The independent newspaper of the University of Iowa community since 1868

The Daily Iowan

The independent newspaper of the University of Iowa community since 1868

The Daily Iowan

The independent newspaper of the University of Iowa community since 1868

The Daily Iowan

Review | Aaron Sorkin’s adaptation of ‘To Kill a Mockingbird’ gives fresh spin on familiar story

On Jan. 19-21, Hancher Auditorium presented the staged adaptation of “To Kill a Mockingbird,” a play that made use of excellent acting and compelling themes.
Julieta Cervantes
Photo contributed by Hancher Auditorium.

Hancher Auditorium’s final production of “To Kill a Mockingbird” closed its curtains to thunderous applause on Sunday. Adapted for the stage by Academy Award winning screenwriter Aaron Sorkin, the play tells the familiar story of Atticus Finch — played by Richard Thomas, a small-town lawyer who accepts the case to defend a Black man in 1930s Alabama.

It also features Atticus’s children Scout (Scout Backus), and Jem (Justin Mark), as well as their friend Dill (Steven Lee Johnson). Scout Finch is the narrator of the 1960 novel by Harper Lee, a role that she continues to fill in the play. She and the other children dictate the events of the play to the audience while also taking an active role in certain scenes.

I thought this was an interesting choice that worked to set the stage adaptation apart from the novel. The play used the narration of the three children to pause or add clarity to certain moments. It also gave more prominence to Scout and the children as we got to see more of their character traits through the narration.

Another area where the play excelled was in its portrayal of the trial of Tom Robinson (Yaegel T. Welch). Robinson is a Black man accused of having assaulted a white woman — a crime that he physically could not commit, but was prosecuted for anyways.

One of the book’s most powerful themes was the injustice of the trial, as well as the complex motivations of all those involved. As I sat in the theater on Sunday, I found myself immersed in the story, desperately wishing for Atticus to find a way to save Tom Robinson.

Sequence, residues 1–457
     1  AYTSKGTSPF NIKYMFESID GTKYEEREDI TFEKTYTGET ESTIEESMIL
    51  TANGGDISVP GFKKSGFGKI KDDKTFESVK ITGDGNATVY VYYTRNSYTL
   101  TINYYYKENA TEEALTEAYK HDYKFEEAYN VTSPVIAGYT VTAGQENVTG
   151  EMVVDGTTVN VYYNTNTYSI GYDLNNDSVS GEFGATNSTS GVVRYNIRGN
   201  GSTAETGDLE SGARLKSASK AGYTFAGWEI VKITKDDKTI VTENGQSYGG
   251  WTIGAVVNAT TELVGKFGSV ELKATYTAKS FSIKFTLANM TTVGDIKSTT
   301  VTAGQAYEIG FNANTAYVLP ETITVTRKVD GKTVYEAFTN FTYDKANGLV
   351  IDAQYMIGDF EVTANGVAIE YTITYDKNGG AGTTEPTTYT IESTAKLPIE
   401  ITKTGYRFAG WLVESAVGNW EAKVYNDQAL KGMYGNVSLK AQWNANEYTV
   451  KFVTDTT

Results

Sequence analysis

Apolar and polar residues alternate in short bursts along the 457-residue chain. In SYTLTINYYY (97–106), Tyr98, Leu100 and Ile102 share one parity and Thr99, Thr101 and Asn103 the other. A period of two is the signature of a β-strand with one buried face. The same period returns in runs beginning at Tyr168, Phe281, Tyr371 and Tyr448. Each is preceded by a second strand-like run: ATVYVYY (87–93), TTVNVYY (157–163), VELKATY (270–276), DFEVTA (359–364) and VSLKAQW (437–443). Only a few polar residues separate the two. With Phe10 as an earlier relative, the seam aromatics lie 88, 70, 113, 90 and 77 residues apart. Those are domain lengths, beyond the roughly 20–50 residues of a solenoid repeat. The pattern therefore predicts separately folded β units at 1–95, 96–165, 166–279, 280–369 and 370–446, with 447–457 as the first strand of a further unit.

Each actor and actress played their characters with a powerful heart. The audience could really feel their pain, sadness, and joy as each character was faced with the realities of their flawed world.

Atticus, who emerged as the play’s main protagonist, was given scenes where he had to grapple with his own morality, as well as the motivations of those around him. In such scenes, audiences could sympathize with the character, who came across as good-natured, yet flawed, and thoroughly human.

One University of Iowa alum was even involved in production. Greg Jackson, who earned a Bachelor of Arts in theater arts from the UI in 1990, played Link Deas, the town drunk, in the production.

Deas is portrayed as a lonely man unafraid to speak up to the other townsfolk about the injustice surrounding him. The character experiences a few heavy moments which Jackson portrayed incredibly well.

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In addition to his role as Deas, Jackson shows his acting range through performing as an ensemble member where he steps in the roles of court stenographer, member of an angry mob, and concerned doctor.

While the play does an excellent job of bringing the trial of Tom Robinson to life, it does sacrifice some other aspects of the novel — such as scenes featuring Arthur “Boo” Radley (Ian Bedford). Radley’s backstory, as well as the backstory of some of the other characters, namely Mrs. Dubose (Mary Badham) and Dill, are expanded on in the novel.

While the play may be lacking some character depth, I can forgive it because of how well the trial is portrayed; a way that mostly satisfies readers of the book.

Overall, I would encourage anyone who has the opportunity to see Sorkin’s interpretation of “To Kill a Mockingbird.” It is a powerful take on a familiar story that will leave audiences wanting more.

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About the Contributor
Riley Dunn
Riley Dunn, Arts Reporter
Riley Dunn is a first-year student at the University of Iowa majoring in English and Creative Writing and Journalism and Mass Communications. Prior to her time at the DI, Riley interned for Swimming World Magazine.